11 Dec. It is over! The seventh Bengaluru International Film Festival (BIFFes) is over. Now one more year’s wait is all that remains!
We, the students and the staff from Communication Department of St Joseph’s College Autonomous, made the best use of it, methought. Or at least, our near best. That is 48 students from the Department of Communication as volunteers actively engaged in conducting/executing the various aspects of the BIFFes plans; eight teaching/technical faculty attending the fest, and one of them (YT) almost pitching his tent at the Festival theatres!
And I overhead a few people commenting on our student-volunteers appreciatively. It was twice in the elevator: people neither knew me or nor my students! Two senior delegates discussing how good the volunteers were! And then, once in the cinema hall some ladies complimenting my student-volunteers (once again, neither they knew me nor I them)! Felt very good for my students. Not just did the students benefit from first-hand involvement and exposure, facing on-the-spot challenge, and helping one and all in enjoying movies, but also bearing good witness to St Joseph’s! I am proud of you my students!
And then, of course, my movies! Doesn’t that magic figure 33 look significant in many ways!? Full stop!
Seven days full of world class movies! And that is enjoying and learning full-time from international films! A rare privilege! Initially four films a day, then five a day, and on the last day, six! Worth every bit of it! Window to the physical, psychological, spiritual, material-immaterial world, especially to a film-studies teacher!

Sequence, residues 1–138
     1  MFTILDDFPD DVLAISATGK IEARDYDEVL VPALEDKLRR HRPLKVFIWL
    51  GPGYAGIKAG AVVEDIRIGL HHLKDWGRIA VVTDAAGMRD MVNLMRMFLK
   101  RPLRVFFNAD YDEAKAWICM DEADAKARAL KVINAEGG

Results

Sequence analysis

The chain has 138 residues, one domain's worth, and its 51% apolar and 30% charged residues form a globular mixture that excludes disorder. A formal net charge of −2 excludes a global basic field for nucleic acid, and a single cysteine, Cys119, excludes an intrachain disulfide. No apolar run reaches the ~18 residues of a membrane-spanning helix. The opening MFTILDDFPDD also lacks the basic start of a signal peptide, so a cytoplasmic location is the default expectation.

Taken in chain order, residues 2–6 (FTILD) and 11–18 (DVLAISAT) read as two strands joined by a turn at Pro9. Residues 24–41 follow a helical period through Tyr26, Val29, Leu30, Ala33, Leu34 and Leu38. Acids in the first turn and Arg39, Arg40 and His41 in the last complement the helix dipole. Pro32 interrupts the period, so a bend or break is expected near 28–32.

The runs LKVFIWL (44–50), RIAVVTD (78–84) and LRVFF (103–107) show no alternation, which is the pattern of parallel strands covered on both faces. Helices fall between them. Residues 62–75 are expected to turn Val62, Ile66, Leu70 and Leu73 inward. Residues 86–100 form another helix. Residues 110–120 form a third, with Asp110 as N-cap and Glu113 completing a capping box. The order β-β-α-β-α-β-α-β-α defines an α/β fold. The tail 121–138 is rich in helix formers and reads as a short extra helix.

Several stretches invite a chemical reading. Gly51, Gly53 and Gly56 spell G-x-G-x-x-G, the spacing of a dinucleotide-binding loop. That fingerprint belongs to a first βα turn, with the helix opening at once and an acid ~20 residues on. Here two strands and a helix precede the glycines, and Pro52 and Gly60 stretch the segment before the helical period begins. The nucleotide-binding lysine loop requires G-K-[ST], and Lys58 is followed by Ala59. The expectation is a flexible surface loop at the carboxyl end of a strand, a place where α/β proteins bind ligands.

On the last day, today, I could watch the maximum six possible films: Reunion (Ryoichi Kimizuka, Japan, 2013), Of Horses and Men (Benedikt Erlingsson, Iceland, 2013), Illiterate (Moises Sepulveda, Chile, 2013), With Others (Nasser Zamiri, Iran, 2013), and Test (Aleksandr Kott, Russia, 2014).
Reunion is about a retired arranger, who volunteers to clean up and prepare dead bodies in the context of the 2011 tsunami in Japan. The immense respect and love with which he arranges the dead bodies in overwhelming. Cinematically just above average, this is a human drama.
Iceland’s Of Horses and Men was surrealistic! The film is about how men (and sometimes women, too) become horses while horses become humane! The film is replete with magical, stunning images. Some of them are simply surrealistic images. The only issue is does the director do it once too often!?
One of those rare films to watch – from Chile: Illiterate is about an illiterate woman who is to herself without any literacy. But enter a young teacher, who wants her to learn reading and writing. Now the only incentive she has is a letter written by her late father; to read it! In the meantime, there is a bond developing between the two women. How do they deal with it? A good character study.
When I almost decided not to watch Iranian films this BIFFes, some good thoughts prevailed; Ms Parinitha and Sumaiya only cemented that desire. One more try! With Others from Iran was a different film compared to the others in this BIFFes. A moving drama about a barren couple, who want to have a child of their own, and as a final resort, through surrogacy. The film is overwhelmingly symbolic and poetic. While characters are dissected and ground, not too many words are required.
The closing film, of course, was Test by the Russian Aleksandr Kott. Not a single word is spoken. Only moving images. Pure cinema! One better than Lumiere and Melies and all those Russian and Eastern European directors! It is a blizzard of pure, creative, speaking images without words! The beautiful she fills the screen and life. Her father. Her serious love and her knotty lover. All speak only through gazes and looks and smiles; no words! As every image flows spontaneously, freely, creatively, and lovingly freeing the audiences from the hegemony of the enslaving words, we witness the first nuclear bomb blast test! And with that everything is done; everything is gone; everything is no more! And we return speechless! Without a doubt, the best film of the seventh BIFFes.